We're right in the middle of cold and flu season, and inside your body, a series of small battles is being waged. The army, your immune system, is made up of a number of key players dedicated to protecting you from foreign invaders. How to keep these trusty defenders healthy and balanced? Here's the best advice.
How to Move
Studies show that regular exercise elevates levels of compounds involved in immune function. The exception is exercising to the point of exhaustion, which diminishes resistance. Otherwise, dance, swim, jog, do yoga—whatever moves you.
Walking. Brisk walking appears to be better for overall immunity than hard-core running. In one study, women who engaged in brisk walking or other moderate exercise for 30 minutes each day had half the risk for colds as those who didn’t exercise.
Yoga helps prevent alterations in the number of immune cells. It's also associated with stress reduction and a corresponding drop in cortisol—a hormone that’s linked to suppressed immune function. In most studies, yoga has shown auxiliary benefits such as reduced blood pressure, increased muscle strength, and reduced anxiety and depression.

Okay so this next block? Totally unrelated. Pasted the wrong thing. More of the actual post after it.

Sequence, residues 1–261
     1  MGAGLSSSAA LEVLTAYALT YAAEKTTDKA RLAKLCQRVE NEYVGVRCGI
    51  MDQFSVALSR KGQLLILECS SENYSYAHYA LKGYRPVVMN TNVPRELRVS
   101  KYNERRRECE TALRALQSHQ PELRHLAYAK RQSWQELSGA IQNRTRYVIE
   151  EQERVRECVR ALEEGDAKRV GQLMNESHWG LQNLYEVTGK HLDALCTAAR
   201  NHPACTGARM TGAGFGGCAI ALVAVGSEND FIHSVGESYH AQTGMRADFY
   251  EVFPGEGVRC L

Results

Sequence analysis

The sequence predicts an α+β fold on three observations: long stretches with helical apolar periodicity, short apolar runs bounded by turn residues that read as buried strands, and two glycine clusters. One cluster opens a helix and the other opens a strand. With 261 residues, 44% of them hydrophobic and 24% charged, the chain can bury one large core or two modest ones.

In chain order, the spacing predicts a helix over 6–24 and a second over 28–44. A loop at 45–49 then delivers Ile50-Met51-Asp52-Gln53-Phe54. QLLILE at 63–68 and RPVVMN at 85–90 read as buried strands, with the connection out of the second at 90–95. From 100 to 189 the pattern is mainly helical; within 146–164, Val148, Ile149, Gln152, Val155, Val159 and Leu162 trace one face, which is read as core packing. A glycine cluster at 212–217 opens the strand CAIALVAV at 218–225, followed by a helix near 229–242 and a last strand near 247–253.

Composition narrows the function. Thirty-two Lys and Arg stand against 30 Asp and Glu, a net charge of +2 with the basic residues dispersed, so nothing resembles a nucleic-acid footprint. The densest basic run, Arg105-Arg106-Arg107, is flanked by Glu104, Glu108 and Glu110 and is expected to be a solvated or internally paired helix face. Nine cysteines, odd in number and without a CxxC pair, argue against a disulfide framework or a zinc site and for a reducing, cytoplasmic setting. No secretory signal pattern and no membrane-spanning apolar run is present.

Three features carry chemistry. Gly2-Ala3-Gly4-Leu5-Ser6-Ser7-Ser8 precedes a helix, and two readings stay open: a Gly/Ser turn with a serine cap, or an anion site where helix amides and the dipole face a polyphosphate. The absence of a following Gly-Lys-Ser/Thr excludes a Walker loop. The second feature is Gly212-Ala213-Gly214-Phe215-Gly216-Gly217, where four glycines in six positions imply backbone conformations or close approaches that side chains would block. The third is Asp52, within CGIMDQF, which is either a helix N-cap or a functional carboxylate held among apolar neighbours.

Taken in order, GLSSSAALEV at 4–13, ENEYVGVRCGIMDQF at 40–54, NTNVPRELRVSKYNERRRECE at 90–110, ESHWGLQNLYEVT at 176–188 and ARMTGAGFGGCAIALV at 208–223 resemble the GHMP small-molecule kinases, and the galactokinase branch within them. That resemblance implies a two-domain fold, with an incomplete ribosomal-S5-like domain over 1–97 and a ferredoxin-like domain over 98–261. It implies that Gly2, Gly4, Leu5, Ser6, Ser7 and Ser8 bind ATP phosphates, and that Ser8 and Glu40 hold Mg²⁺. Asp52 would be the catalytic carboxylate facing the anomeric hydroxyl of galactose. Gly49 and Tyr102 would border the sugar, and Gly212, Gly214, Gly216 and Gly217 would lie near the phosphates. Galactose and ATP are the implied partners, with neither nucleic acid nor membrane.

Tai chi, a Chinese martial art, benefits immune and autoimmune conditions, in addition to decreasing heart rate, blood pressure, and cholesterol. Research shows that Qigong has similar benefits. One study showed that a moderate Tai Chi and Qigong practice improved immune response in older adults after only five months.
What to Eat
The immune system is like an army protecting the body from invaders, so it’s important to keep the soldiers well nourished.
Brazil nuts. They’re high in selenium, which has been shown to improve immune response in several studies. Other sources of selenium include halibut, turkey, and sardines.
Easy fix: Make a pesto of puréed Brazil nuts, garlic, fresh basil, and olive oil.
Oysters are rich in zinc, an antioxidant that’s essential for immune function. Many studies have shown that even mild zinc deficiency depresses immunity. Beef, crab, turkey, and kidney beans are other good sources of zinc.
Easy fix: Combine oysters, crab, and fish in a seafood stew.
Pumpkin is packed with vitamin A, which enhances immune functions including white blood cell activity. Studies have shown that a vitamin A deficiency actually increases risk of infectious disease. Carrots, sweet potatoes, spinach, collards, and kale are other good sources.
Easy fix: Add puréed pumpkin to pasta sauce.